MINGO JUNCTION - Along with chocolate bunnies and colorful jelly beans, a centuries-old traditional bread was enjoyed Sunday by many Ohio Valley residents on Orthodox Easter.
Pascha, or Easter bread, is not only a sweet treat to eat, but is a reminder of the religious significance of the holiday. The Rev. John Kopcha, pastor of St. Andrew Orthodox Church in Mingo Junction, said the rising of the dough signifies the rising of Christ from the dead.
"And the pascha symbolizes Christ himself," he said.
CELEBRATION — Wearing an apron and head scarf, 3-year-old Elana Hazelip stands in front of many loaves of pascha, or Easter bread, while her mother Larissa Hazelip brushes the tops of the freshly-baked bread with butter at St. Andrew Orthodox Church in Mingo Junction.
-- Shelly Hanson
Orthodox churches use the Julian calendar, established by Julius Caesar, instead of the standard Gregorian calendar. Churches that follow the Gregorian calendar celebrated Easter April 8, while Orthodox churches celebrated it on Sunday, according to the Julian calendar.
Kopcha's wife Paula said the traditional bread has been made at the church for more than 50 years.
"Probably since the beginning of time," she quipped.
Church member Joan Vasich makes all of the dough for the bread and is assisted by her husband Harry. Many other parishioners help bake the dough into loaves sold to the public and other parishioners.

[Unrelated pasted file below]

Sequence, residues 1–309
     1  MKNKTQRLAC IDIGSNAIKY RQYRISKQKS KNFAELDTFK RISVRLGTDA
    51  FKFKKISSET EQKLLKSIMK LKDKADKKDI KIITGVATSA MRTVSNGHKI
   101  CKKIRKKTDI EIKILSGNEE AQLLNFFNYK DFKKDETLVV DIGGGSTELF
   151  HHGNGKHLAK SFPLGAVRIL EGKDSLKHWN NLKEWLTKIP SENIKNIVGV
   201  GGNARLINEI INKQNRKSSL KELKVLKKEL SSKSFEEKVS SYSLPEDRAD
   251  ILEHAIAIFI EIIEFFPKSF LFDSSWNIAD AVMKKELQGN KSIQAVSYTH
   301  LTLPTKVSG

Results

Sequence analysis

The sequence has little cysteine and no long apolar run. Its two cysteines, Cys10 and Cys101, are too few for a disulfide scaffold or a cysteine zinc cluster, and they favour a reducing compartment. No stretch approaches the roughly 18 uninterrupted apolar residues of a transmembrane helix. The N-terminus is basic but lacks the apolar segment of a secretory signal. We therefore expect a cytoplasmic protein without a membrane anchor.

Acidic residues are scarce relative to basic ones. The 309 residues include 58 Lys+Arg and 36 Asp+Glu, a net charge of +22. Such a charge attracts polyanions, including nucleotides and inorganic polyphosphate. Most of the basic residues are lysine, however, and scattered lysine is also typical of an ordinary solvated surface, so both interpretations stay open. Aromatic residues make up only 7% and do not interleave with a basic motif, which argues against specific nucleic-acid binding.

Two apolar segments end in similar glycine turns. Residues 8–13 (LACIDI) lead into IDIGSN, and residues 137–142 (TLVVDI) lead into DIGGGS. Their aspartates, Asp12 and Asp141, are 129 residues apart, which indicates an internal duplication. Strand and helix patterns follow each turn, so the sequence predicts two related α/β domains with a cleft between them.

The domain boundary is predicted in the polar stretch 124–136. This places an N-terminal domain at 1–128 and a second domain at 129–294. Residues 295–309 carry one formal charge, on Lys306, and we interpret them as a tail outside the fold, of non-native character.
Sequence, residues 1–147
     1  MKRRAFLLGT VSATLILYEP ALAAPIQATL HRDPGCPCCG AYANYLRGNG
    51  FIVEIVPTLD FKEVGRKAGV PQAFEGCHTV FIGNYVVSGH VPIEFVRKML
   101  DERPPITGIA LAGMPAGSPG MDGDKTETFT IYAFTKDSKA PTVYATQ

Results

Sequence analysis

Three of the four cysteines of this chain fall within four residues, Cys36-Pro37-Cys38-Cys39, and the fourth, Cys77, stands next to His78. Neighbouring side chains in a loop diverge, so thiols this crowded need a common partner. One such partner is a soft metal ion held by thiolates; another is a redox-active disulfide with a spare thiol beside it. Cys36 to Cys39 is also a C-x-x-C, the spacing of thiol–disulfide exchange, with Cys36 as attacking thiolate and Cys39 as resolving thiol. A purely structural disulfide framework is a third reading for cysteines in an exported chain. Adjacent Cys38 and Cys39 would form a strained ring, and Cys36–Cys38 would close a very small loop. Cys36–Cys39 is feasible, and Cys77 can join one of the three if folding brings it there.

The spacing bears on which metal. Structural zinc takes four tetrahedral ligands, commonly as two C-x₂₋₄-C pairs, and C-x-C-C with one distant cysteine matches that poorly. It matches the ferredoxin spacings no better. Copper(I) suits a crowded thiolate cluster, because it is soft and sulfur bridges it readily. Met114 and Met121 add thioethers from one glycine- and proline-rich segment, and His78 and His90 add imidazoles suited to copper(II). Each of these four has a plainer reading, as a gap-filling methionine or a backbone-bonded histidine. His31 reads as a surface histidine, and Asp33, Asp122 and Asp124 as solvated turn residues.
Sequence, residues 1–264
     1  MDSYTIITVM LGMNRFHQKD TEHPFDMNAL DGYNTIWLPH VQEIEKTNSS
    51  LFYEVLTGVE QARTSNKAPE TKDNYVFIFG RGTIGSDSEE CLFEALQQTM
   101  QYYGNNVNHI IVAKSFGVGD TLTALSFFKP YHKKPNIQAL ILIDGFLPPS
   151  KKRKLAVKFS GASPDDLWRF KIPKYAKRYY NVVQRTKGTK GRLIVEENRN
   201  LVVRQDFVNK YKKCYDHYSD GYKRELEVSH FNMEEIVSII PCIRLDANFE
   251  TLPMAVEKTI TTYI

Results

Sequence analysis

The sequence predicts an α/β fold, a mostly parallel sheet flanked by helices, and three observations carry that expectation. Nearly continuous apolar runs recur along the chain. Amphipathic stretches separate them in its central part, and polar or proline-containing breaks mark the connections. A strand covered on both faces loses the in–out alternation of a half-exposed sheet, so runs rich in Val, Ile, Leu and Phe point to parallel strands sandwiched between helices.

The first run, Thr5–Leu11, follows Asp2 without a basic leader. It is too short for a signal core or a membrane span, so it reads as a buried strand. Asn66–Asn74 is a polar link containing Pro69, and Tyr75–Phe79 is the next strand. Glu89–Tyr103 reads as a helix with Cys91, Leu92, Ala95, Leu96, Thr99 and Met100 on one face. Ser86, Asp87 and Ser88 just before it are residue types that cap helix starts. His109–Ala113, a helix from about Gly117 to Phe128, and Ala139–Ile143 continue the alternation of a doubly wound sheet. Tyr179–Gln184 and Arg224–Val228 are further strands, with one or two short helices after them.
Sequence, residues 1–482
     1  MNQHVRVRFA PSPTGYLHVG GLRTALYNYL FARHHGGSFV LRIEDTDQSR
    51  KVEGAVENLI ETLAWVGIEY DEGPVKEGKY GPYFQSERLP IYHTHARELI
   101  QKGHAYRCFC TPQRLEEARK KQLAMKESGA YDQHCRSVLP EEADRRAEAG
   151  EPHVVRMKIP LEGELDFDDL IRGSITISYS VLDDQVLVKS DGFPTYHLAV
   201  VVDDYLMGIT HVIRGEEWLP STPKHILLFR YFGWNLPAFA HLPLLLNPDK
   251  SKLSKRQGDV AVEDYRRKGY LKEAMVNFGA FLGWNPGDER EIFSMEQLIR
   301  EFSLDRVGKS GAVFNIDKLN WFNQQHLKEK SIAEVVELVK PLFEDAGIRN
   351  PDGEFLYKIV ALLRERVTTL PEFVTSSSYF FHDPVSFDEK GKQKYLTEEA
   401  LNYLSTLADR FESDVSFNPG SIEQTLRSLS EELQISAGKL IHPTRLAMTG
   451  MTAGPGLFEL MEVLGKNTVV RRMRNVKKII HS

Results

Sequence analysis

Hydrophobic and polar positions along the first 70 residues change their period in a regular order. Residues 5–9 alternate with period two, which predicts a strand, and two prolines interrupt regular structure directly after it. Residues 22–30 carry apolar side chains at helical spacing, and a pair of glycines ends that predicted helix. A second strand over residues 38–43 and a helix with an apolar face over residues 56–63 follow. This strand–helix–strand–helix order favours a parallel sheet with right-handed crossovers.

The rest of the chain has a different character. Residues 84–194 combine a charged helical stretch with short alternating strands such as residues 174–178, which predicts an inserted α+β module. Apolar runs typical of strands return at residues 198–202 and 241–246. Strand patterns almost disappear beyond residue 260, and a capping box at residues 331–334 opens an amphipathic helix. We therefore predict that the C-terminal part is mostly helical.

"I couldn't do it without him," Vasich said of her husband.
The church began making and taking orders for plain and raisin breads that were to be baked during a two-day period - April 2-3. Vasich said 120, large round, golden brown loaves had been baked as of April 3.
While on her way to pick up her loaves, Steubenville resident Barbara Losey said her mother was Russian Orthodox, but now she attends a Protestant church.
She continues to carry on many of the traditions she learned while growing up.
But now instead of making the bread herself, she orders it from St. Andrew.
She remembers the traditional baskets of food the family would make to take to church to have blessed before eating it. It contained the pascha, meats, cheeses, hardboiled eggs and more.
"That basket was heaven," Losey noted.
Vasich said while she's making the dough she tends to bless each batch when it hits the pan, as she hopes they will bake correctly and taste delicious.
"Sweet bread has lots of eggs and sugar. ... It's good sweet bread. After Lent you want something good and sweet," Vasich said.
Lent is a time of fasting before Easter.
Vasich also makes the dough for nut rolls sold during Christmastime. And she plans to start making flat bread to sell as a fundraiser for the church.